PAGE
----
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Milton Ohring sculpts in his Teaneck garage. The bronze serpent, inset bottom left, tempts bronze Eve; the work’s other side shows the apple firmly in Eve’s hand.

Dr. Milton Ohring of Teaneck is using his retirement to weave together many of the strands of his life – his family’s escape from the Holocaust, his education as an artist, his decades-long career as a metallurgist.

No, not weave. Make the solder.

Ohring creates works in metal and stone. Some are secular, some based on Biblical stories or other Jewish texts, and some refer directly to the Shoah. His approach is highly cerebral – as satisfying as they are to look at and touch, his explanation of their meaning makes them more accessible – and his understanding of his materials’ properties allows him to shape them to tell stories.

Ohring was born in Poland in 1936. He was very lucky – his mother, also Polish-born, had gone to the United States in the 1920s and gained American citizenship before she went back to Poland, married, and had two sons. When the news of Kristallnacht reached Poland, the Ohring family left; because three of the four were American citizens, they were able to do so fairly easily.

The family settled in Hunts Point, in the Bronx, where Mayer and Malke (or, by now, Max and Mollie) Ohring opened a grocery store. Many other refugees made their way to the neighborhood, speaking in the Yiddish that all the Ohrings understood about the horrors they’d seen. “I heard many testimonies,” Milton Ohring said.

A painter since he was young, Ohring took the subway from the Bronx to 135th Street and Convent Avenue in Manhattan, where he went to the High School of Music and Art, graduating in 1953. The school did not offer sculpture then – now, as LaGuardia School of Music and Art and Performing Arts, across from Lincoln Center, it does – but “I was fortunate that one of my father’s customers was a sculptor, and he gave me the tools,” Ohring said. Still, most of his art was two-dimensional then.

Ohring went on to Columbia, earning his bachelor’s, master’s, and doctoral degrees there; he had always been interested in science, so it was a natural choice. He specialized in metallurgy, partly because of the tactile connection to sculpture, but more “because this was the time of Sputnik,” Ohring said. The United States was caught up in the space race with the Soviet Union, and the Communists seemed to be winning. This country desperately needed scientists so it could build bigger and better equipment to get us farther and faster into outer space.

“There were many jobs in the defense industry, and metallurgy was one of the most important,” Ohring said. “The newspapers said that it was the most popular engineering subject in Russia. It was really being promoted as a career, and I bit.”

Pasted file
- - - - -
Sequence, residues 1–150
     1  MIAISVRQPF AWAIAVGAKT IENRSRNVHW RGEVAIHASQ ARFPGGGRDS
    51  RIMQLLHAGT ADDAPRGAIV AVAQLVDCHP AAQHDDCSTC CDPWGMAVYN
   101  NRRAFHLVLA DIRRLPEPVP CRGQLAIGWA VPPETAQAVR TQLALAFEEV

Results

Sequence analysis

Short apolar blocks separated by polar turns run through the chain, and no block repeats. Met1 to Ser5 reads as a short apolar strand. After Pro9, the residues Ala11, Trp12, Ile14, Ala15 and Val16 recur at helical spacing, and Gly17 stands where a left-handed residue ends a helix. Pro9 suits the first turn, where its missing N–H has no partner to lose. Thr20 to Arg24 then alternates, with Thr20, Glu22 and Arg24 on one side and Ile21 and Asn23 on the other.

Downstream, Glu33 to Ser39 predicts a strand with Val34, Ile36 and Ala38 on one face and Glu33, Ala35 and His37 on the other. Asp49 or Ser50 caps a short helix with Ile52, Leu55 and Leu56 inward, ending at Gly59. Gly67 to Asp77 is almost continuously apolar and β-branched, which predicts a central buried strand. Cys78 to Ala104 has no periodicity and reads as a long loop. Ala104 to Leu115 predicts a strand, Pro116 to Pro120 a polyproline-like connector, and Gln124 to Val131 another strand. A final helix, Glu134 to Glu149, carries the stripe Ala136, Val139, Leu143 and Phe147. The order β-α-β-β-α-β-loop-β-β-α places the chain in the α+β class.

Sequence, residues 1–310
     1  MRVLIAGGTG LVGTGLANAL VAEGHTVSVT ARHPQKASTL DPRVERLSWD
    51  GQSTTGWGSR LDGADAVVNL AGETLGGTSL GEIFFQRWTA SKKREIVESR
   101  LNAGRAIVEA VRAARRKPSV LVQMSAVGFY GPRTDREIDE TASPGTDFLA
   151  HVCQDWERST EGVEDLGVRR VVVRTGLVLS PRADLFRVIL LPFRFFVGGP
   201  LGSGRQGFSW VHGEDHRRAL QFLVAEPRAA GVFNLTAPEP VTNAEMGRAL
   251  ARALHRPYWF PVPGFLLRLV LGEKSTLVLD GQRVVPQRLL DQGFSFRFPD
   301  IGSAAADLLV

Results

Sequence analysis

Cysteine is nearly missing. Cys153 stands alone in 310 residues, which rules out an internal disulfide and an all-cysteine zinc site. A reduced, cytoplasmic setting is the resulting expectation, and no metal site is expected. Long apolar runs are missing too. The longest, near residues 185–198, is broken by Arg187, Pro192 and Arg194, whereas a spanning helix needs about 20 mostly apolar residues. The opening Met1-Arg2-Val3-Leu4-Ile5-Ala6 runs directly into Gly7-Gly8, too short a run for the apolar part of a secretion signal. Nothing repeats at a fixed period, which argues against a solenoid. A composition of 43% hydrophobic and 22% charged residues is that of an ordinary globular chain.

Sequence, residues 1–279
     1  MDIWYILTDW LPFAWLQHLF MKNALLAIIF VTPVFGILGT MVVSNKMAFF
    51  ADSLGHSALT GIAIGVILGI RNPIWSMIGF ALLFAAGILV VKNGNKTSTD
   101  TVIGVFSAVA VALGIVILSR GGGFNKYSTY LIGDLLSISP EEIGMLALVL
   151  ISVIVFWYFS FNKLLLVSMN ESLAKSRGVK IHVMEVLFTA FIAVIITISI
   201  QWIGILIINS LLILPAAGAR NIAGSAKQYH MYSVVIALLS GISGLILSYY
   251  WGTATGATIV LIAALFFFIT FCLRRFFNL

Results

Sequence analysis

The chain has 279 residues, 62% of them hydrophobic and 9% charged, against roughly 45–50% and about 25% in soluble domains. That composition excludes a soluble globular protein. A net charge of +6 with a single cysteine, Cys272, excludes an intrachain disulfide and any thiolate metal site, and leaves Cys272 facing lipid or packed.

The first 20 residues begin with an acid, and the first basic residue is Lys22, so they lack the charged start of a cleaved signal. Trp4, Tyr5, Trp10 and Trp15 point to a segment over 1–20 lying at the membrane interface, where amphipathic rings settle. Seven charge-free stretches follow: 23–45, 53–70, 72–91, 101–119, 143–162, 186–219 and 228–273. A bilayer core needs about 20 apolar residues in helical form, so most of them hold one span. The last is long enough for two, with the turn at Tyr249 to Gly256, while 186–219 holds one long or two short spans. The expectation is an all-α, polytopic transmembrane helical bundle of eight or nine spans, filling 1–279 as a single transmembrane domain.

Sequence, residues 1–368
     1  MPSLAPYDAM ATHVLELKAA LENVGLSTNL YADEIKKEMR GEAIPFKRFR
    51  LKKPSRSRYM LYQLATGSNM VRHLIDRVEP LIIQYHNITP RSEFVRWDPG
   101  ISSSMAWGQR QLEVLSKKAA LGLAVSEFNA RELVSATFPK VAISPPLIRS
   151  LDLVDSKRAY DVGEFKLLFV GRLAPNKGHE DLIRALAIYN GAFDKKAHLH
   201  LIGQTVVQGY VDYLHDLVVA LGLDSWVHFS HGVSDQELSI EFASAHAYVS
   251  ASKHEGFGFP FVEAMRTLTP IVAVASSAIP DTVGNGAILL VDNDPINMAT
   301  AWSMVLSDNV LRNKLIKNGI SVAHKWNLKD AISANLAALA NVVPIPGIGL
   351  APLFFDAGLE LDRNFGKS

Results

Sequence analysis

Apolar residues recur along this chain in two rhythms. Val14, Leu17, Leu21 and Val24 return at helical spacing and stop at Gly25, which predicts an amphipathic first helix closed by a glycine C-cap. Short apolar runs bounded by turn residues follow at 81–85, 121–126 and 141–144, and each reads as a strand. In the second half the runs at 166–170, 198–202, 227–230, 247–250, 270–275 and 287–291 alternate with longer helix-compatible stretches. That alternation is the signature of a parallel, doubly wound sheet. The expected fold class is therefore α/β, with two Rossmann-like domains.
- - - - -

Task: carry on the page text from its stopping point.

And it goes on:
He would have loved to have a career as an artist, “but I didn’t think I could have made it in art – and I was right,” he said. And as a husband and father of three children, active in the Teaneck Jewish Center, with a 36-year career at the Stevens Institute, where he taught, researched, directed and mentored doctoral students, supervised a program with Bell Labs, and wrote four textbooks fundamental to his field, he had little time left to breathe, much less to make art.

Twelve years ago, though, Ohring retired. “I always knew that I would go back to art,” he said. He had to teach himself to sculpt – “I started with some ideas, but with few tools and no materials to execute them in practice,” he said. “But as a trained metallurgist, I was well versed in the nature of materials, and I had worked with many tools in various machine shops over the years.”

Ohring works with limestone, marble, granite, and bluestone; some of his work is bronze, cast in a foundry, and some of it is made of other metals. He has found himself increasingly focusing on the Shoah; he has shown some of that work at the Kaplen JCC on the Palisades in Tenafly, and some has found a home at Teaneck High School.

Ohring’s work combines passion and intellect; he has pieces based on Yiddish lullabies of piercing sadness, and on the mind-numbing statistics of death the Germans produced and husbanded.

It is hard to miss the fury and tenderness of his art. “I feel that I have pursued my art with virtually the same intensity I expended in my engineering career,” he said. “Instead of educating future technologists, I hope to leave an artistic legacy for the Jewish people.”